Europe could learn from U.S. shale success

Europe could learn from U.S. shale success

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Robert Irby Clarke (June 1, 1920 – June 11, 2005) was an actor best known for his cult classic sci-fi films of the 1950’s.

Robert Clarke grew up as a movie-loving kid in his native Oklahoma City, Oklahoma. He decided at an early age that he wanted to be an actor, but nevertheless suffered from stage fright in his first school productions. He attended Kemper Military School and College, planning to make a career in the service, but dropped out after his asthma prevented his serving in World War II. He later attended the University of Oklahoma, where he acted in radio plays, and the University of Wisconsin–Madison, where he appeared on stage. He did not graduate, but hitched a ride to California to try to break into the motion picture business.

After screen tests at 20th Century-Fox and Columbia Pictures, Clarke landed a berth as a contract player at RKO. His first credited role was The Falcon in Hollywood in 1944. When RKO dropped his option three years later, he began freelancing. In the 1950’s, he appeared in many classic sci-fi films, including The Man from Planet X (1951), Captain John Smith and Pocahontas as John Rolfe, The Incredible Petrified World (1957), The Astounding She-Monster (1957), From the Earth to the Moon (1958), and The Hideous Sun Demon (1959), which Clarke wrote, directed and produced.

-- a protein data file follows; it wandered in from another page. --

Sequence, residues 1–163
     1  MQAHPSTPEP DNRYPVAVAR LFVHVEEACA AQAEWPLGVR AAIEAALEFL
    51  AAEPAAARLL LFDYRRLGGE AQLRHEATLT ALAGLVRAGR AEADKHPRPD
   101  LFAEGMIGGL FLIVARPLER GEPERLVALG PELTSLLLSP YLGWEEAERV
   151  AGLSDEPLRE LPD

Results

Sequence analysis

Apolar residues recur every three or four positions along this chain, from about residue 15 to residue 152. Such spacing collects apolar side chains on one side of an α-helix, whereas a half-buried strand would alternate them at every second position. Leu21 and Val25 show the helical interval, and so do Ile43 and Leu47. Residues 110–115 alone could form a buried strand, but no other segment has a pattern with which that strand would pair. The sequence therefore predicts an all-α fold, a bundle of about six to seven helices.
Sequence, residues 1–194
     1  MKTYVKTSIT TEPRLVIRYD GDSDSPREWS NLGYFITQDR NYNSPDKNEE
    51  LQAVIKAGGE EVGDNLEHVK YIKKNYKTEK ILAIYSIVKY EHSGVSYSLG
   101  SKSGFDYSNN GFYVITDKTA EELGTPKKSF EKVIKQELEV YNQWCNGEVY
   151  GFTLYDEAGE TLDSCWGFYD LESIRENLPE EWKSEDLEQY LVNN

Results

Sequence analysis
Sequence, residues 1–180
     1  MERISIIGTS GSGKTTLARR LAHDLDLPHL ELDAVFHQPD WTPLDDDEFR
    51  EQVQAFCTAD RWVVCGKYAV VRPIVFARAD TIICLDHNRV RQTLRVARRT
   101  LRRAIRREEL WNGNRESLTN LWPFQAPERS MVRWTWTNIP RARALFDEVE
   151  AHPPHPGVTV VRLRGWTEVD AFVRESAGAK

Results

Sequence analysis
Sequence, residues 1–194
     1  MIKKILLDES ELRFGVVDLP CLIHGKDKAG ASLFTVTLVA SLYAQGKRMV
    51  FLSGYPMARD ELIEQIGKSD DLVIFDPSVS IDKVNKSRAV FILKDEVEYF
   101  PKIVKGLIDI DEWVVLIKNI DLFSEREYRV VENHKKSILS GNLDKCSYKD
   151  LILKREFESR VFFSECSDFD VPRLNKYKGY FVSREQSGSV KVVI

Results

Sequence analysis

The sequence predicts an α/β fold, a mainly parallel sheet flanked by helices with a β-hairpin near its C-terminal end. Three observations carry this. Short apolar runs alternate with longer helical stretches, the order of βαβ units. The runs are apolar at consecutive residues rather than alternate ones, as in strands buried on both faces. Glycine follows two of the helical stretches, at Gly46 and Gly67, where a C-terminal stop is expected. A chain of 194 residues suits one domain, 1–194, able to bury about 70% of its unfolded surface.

This article is licensed under the GNU Free Documentation License.
It uses material from the Wikipedia article "Robert Clarke."
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